*Afloat at last*
Well it finally happened; Taqua II was launched last Friday 18th November
at the port of Bloscon, Roscoff. This of course marked a major milestone
for a project that lasted rather longer than I expected or wanted, but
better late than never.
The run up to the launch was intense, with the big move from Mérillac to
Roscoff on the 11th of October. I called in Capelle Yachting for the
transport to Roscoff and wasn’t disappointed. Vincent the driver and Jeremy
who worked with him as escort were extremely professional and good natured
which took a lot of stress out of the occasion for me.
I also had a good group of friends who turned up on the day to help load
the boat, mast and all the other kit.
To get the boat high enough off the ground to back the trailer under, I
used the pair of timber sheer legs with a couple of chain tackle either
side that I’d used to load the hull when I moved it from Quedillac. This
time she weighed considerably more of course, so I decided to add a
scaffold tower either side aft of the sheer legs with another pair of chain
tackle and slings. I had confidence in my makeshift lifting arrangement but
I was very relieved when the boat was finally supported and strapped down
on the trailer.
I left early the following morning and caught the convoy up just outside
I soon realised that I’d made the right decision to bring the boat to the
port of Bloscon. Gaël Le Cléac’h of All purpose sails and rigging had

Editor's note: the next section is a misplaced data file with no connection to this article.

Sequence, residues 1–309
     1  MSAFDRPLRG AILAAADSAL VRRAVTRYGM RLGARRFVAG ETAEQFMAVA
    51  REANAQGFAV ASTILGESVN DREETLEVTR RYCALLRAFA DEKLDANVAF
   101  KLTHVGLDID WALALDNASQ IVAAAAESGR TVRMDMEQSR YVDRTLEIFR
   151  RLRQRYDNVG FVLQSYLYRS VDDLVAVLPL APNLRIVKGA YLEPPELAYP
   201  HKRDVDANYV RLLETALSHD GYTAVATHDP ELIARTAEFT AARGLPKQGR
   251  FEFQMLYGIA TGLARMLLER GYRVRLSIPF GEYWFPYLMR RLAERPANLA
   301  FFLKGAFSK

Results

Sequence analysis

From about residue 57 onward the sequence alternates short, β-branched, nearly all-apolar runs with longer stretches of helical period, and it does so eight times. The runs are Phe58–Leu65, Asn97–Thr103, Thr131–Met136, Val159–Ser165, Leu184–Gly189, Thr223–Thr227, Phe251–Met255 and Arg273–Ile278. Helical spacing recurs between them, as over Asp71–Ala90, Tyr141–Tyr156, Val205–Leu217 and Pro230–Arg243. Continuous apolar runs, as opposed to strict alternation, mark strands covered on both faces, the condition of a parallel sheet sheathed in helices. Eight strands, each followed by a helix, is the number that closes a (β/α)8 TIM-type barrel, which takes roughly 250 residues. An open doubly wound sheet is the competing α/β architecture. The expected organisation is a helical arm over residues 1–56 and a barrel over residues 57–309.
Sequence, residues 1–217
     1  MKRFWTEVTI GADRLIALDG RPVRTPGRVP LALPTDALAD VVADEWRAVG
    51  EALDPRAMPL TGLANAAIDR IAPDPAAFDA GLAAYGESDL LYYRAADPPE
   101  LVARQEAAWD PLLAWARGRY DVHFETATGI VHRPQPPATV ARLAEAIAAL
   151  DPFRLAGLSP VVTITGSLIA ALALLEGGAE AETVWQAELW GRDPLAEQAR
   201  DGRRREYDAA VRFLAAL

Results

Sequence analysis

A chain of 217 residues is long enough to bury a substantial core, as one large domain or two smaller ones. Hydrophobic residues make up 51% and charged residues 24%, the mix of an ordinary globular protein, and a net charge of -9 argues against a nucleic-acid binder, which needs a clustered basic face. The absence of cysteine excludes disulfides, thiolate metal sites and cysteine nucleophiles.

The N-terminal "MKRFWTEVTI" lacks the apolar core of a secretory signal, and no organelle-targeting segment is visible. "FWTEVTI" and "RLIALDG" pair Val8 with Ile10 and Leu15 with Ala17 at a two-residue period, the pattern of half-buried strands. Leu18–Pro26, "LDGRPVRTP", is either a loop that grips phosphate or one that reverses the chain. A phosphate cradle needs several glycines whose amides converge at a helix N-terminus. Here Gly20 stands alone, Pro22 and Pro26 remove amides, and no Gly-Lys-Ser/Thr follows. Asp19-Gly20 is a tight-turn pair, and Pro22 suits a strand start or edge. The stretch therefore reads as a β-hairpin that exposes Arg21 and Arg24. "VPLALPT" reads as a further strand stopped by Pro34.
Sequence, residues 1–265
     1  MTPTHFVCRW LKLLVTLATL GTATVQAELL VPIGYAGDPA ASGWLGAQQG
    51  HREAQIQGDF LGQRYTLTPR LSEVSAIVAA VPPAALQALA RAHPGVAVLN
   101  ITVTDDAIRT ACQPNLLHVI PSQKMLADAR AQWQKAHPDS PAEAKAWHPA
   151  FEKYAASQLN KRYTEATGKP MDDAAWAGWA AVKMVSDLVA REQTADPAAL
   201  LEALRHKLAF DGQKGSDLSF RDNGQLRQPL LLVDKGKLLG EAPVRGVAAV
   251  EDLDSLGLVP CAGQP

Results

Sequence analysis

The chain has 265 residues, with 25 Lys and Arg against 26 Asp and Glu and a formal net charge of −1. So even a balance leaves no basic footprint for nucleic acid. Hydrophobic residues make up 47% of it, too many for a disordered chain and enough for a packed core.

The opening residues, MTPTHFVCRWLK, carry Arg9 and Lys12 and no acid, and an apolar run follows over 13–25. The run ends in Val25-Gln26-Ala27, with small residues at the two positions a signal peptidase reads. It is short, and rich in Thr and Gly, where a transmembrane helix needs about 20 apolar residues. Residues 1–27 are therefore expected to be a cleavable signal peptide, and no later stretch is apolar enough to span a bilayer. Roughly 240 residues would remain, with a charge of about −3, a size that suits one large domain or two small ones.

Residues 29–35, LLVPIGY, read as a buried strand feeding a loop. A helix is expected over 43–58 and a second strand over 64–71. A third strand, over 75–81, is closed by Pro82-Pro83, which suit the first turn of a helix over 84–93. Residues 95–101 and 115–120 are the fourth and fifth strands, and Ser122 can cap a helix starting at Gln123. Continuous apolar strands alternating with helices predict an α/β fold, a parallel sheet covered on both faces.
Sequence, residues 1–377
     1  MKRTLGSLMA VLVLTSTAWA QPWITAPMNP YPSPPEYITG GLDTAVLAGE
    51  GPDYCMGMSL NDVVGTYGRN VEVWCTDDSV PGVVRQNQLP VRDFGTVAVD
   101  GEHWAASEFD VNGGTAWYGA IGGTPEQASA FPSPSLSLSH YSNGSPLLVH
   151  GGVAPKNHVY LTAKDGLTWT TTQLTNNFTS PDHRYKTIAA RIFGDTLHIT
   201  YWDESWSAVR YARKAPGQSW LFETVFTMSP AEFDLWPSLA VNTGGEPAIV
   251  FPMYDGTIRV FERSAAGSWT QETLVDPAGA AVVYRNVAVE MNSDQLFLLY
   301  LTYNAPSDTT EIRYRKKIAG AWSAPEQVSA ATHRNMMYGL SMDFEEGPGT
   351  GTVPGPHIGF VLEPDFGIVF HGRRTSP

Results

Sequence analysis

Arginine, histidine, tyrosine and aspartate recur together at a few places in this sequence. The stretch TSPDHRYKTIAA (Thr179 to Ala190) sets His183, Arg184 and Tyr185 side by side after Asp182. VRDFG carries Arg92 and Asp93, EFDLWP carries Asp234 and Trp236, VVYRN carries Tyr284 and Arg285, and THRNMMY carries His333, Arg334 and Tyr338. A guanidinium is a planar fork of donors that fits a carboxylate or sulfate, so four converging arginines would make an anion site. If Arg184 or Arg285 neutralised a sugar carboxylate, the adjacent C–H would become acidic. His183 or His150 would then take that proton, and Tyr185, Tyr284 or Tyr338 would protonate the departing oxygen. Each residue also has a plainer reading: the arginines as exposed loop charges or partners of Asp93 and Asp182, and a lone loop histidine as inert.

everything organised with the guys in the yard and within an hour the boat
was unloaded, the keel bolted on and sitting safely on the cradle.
Over the next few weeks I got the lower rudder bearing fitted and the
rudder installed amongst other things while Gaël was organising the
stepping of the mast and rigging.
We managed to get a weather window between the gales on the 9th of November
and the mast was stepped and rigged and ready for launch.
I was eager to get Taqua on the water but we had to wait for the same
weather system that had delayed the Route du Rhum to clear before launch.
The Friday turned out to be perfect, windless with clear skies, a good omen
Arthur Malterre a video journalist from the Télégramme came down to record
the event and a short interview on the pontoon.
It was a great moment for me after so many years of effort and normally the
launch would have been the end of the storey more or less but in the
context of my preparation for the GSC I was only too aware that it was just
the end of a chapter.
So now the real hard work starts and I’ll be back in Roscoff next week to
finish the last of the things on my snagging list (for the moment), before
we go out and start sea trials.
Before I sign off I’d like to say thanks to everyone who has shown interest
and support for the project and for all the messages of support, and also
good luck to all the other skippers with their own preparations.